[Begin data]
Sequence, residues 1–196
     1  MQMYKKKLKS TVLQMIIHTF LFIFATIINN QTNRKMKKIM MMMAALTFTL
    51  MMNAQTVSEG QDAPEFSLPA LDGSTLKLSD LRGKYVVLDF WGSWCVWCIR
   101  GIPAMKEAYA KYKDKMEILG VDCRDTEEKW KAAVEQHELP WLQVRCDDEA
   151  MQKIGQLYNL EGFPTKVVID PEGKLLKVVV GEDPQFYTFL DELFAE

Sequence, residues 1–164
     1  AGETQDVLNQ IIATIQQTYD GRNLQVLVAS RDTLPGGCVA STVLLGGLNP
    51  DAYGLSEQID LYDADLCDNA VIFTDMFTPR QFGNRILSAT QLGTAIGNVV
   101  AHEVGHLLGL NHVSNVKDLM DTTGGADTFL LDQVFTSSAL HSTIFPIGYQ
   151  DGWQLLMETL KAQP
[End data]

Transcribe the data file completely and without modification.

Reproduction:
Sequence, residues 1–196
     1  MQMYKKKLKS TVLQMIIHTF LFIFATIINN QTNRKMKKIM MMMAALTFTL
    51  MMNAQTVSEG QDAPEFSLPA LDGSTLKLSD LRGKYVVLDF WGSWCVWCIR
   101  GIPAMKEAYA KYKDKMEILG VDCRDTEEKW KAAVEQHELP WLQVRCDDEA
   151  MQKIGQLYNL EGFPTKVVID PEGKLLKVVV GEDPQFYTFL DELFAE

Sequence, residues 1–164
     1  AGETQDVLNQ IIATIQQTYD GRNLQVLVAS RDTLPGGCVA STVLLGGLNP
    51  DAYGLSEQID LYDADLCDNA VIFTDMFTPR QFGNRILSAT QLGTAIGNVV
   101  AHEVGHLLGL NHVSNVKDLM DTTGGADTFL LDQVFTSSAL HSTIFPIGYQ
   151  DGWQLLMETL KAQP